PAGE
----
In an emergency, speak up

by Milan on February 1, 2011

in Climate change, Climate science, Ethics

There is a long section in Malcolm Gladwell’s Outliers where he talks about the causes of plane crashes. One important cause he identifies is excessive deference to authority. Members of the cabin crew see big problems, but are afraid to speak up. They provide little hints rather than clear guidance. Captains can also be too deferential to air traffic controllers, failing to convey the fact that a very serious situation has arisen. To avoid catastrophe, there must be a time when people say to themselves: “To hell with politeness, this is a crisis.”

It seems to me that the definition of an ’emergency’ could be: a time when the normal rules of business should be suspended. I think the airline example can have some value as an analogy when it comes to how we respond to climate change. As individuals, we have very good reasons to see it as an emergency. The world’s science academies agree that the problem is real and dangerous, and it is clear that governments aren’t doing nearly enough to address it. We are flying the plane into the mountain, so it is not only acceptable but essential that people speak up about it.


People have a natural hesitation about raising the alarm. It draws attention to you when you do it, and there is always some chance that you are overreacting or making an incorrect judgment. At the same time, it seems clear that we should be forgiving when it comes to honest mistakes made by people who think an emergency has arisen. For one thing, a moderate number of false alarms can be beneficial. They let us practice our emergency procedures and remind people that things can indeed go wrong. For another, the cost of missing the warning signs of a crisis and running straight into it is so large that the smaller costs of a few false alarms are worthwhile, it they mean a big crisis might be avoided.

As such, I think a strong case can be made that people concerned about climate change can be excused for circumventing some ordinary procedures. Staying quiet may be individually safe and comfortable, but it creates serious risks for everybody if the problem being ignored is serious enough.

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{ 6 comments… read them below or add one }

. February 1, 2011 at 10:15 pm

Mitigated speech is a linguistic term describing deferential or indirect speech inherent in communication between individuals of perceived High Power Distance which has been in use for at least two decades with many published references.

The term was recently popularized by Malcolm Gladwell in his book, Outliers, where he defines mitigated speech as “any attempt to downplay or sugarcoat the meaning of what is being said”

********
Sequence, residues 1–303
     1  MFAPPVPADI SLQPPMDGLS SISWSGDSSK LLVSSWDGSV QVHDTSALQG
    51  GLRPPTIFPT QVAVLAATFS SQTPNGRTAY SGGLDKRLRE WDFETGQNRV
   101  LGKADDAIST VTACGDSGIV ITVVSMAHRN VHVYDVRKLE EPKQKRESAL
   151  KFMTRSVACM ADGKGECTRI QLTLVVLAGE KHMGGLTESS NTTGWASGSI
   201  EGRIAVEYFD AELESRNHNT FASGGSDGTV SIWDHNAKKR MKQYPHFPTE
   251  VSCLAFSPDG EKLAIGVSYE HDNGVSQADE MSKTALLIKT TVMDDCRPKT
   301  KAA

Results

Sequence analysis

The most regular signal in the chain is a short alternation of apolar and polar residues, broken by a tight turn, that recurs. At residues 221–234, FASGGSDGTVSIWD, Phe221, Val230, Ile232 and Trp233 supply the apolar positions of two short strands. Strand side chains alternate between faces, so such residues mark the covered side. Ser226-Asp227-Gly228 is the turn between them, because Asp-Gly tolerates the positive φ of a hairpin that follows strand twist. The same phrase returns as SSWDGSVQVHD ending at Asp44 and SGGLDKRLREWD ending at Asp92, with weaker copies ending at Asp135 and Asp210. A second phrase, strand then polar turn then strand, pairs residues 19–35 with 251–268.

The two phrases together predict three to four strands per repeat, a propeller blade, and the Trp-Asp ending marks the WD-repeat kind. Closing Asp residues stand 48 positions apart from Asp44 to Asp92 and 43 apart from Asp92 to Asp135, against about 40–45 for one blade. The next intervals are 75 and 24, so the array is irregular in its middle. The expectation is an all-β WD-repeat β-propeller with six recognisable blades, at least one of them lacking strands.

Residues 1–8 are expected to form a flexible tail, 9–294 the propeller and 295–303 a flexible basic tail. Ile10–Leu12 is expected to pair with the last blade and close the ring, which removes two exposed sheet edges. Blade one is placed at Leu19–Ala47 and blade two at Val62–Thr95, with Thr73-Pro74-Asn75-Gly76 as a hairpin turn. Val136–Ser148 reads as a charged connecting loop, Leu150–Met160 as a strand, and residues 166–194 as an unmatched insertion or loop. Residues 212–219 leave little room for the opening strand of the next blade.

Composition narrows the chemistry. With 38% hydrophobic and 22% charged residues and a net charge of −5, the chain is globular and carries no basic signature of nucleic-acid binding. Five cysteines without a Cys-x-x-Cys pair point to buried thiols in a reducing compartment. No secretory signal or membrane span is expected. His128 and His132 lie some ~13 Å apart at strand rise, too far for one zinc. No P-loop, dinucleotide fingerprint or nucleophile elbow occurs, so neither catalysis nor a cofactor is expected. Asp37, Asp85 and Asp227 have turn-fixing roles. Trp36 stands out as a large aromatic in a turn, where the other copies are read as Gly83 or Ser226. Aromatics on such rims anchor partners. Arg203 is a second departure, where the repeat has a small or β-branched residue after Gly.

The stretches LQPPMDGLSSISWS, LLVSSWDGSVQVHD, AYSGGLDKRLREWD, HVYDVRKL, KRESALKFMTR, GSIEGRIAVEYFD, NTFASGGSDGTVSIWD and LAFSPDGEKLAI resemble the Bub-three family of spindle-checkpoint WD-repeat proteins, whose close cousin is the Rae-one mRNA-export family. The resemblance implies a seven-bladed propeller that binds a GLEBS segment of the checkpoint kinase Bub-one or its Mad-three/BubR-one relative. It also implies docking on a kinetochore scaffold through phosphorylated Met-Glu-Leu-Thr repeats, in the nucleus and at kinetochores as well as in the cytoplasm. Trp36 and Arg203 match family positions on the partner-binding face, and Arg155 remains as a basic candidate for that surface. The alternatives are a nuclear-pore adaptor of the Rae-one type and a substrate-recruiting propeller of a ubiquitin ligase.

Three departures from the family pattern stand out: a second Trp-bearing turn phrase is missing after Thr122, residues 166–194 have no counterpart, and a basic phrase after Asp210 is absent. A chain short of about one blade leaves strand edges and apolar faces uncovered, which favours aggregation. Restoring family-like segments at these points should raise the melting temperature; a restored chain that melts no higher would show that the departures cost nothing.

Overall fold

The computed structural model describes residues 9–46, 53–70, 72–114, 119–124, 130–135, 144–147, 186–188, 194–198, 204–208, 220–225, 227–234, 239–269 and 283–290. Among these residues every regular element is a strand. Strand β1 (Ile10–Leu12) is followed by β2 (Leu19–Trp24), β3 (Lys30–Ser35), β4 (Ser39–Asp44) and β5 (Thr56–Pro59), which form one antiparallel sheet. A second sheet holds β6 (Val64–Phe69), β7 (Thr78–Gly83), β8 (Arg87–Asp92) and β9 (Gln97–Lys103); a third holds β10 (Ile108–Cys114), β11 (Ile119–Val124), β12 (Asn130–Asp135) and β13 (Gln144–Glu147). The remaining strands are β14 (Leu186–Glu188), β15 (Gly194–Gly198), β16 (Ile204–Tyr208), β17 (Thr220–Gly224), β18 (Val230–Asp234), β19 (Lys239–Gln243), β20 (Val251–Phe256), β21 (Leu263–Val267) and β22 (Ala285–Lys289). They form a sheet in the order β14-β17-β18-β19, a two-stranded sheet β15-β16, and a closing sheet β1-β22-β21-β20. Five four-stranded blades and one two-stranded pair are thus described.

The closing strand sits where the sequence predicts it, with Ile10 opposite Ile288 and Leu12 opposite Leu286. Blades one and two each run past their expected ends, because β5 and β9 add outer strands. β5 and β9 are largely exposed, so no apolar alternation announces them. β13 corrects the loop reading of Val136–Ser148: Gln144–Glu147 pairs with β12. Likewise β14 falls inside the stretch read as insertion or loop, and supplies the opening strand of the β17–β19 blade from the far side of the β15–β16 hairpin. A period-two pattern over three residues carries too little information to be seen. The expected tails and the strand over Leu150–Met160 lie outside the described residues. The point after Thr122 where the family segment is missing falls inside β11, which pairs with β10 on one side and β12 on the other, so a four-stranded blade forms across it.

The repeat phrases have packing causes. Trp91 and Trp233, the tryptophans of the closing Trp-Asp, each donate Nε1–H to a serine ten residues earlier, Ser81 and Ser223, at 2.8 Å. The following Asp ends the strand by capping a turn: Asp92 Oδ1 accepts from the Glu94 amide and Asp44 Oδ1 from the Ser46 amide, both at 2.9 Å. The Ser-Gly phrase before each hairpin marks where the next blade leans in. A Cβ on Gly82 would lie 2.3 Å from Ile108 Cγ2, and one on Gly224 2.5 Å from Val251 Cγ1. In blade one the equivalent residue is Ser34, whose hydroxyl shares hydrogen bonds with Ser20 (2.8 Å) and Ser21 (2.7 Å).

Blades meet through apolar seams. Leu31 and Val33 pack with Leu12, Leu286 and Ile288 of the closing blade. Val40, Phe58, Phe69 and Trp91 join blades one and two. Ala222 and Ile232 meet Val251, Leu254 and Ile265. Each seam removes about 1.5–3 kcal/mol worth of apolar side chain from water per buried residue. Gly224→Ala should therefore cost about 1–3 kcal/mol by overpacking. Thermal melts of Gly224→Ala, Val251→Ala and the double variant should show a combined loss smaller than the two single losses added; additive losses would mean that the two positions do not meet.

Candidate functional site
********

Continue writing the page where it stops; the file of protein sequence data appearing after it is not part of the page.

Milan February 1, 2011 at 10:18 pm

This seems like mitigated speech to me:

Unmitigated climate change would, in the long term, be likely to exceed the capacity of natural, managed and human systems to adapt.

This statement from the IPCC seems to be saying that if climate change goes far enough, humanity and the natural world simply will not be able to deal with it, no matter how much we choose to spend on adaptation measures. I don’t think the strength and importance of that claim comes through with this language, though.

Much of what is written about climate is even more opaque.

. February 22, 2012 at 9:11 pm

Related: Warnings ignored

. May 14, 2012 at 8:26 pm

Stories of resistance
Shades of grey
When it is right to say “no”

Beautiful Souls: Saying No, Breaking Ranks, and Heeding the Voice of Conscience in Dark Times. By Eyal Press. Farrar, Straus and Giroux; 196 pages; $24. Buy from Amazon.com

YOU have a decent job and work hard. You keep your nose clean, respect authority and have never joined a protest march. Suddenly you have the bad luck to face a cruel and seemingly impossible choice. Your superiors tell you to do something outrageous or unacceptable. Do you obey or, at grave personal cost, refuse? In “Beautiful Souls”, a subtle and thoughtful book, Eyal Press, an American journalist, tells the stories of four very ordinary people who, in widely different times, places and circumstances, surprised themselves by saying “no”.

This morally courageous foursome includes a Swiss police official who broke the law in 1938 by giving entry permits to Jewish refugees; a Serb who, at risk to his own life, saved captured Croats from summary execution during the Serb-Croat war in 1991; an Israeli special-forces soldier in the occupied territories who could no longer stomach orders to protect Israeli settlers who were doing wrong, as he saw it, to Palestinian farmers; and a mid-ranking whistle-blower in a Texas investment company accused of fraud.

K0cAIPsydM August 2, 2013 at 12:56 am

–that guy’s photographing me as I’m talking and it’s freaking me out [laughs] [laughter]

. August 30, 2015 at 6:52 am

“If they think there are problems with a government policy, it’s their job to point it out,” he said. “In this government, speaking truth to power has not been encouraged, to put it mildly.”

http://www.cbc.ca/m/news/politics/harperman-case-can-public-servants-be-political-activists-1.3207194

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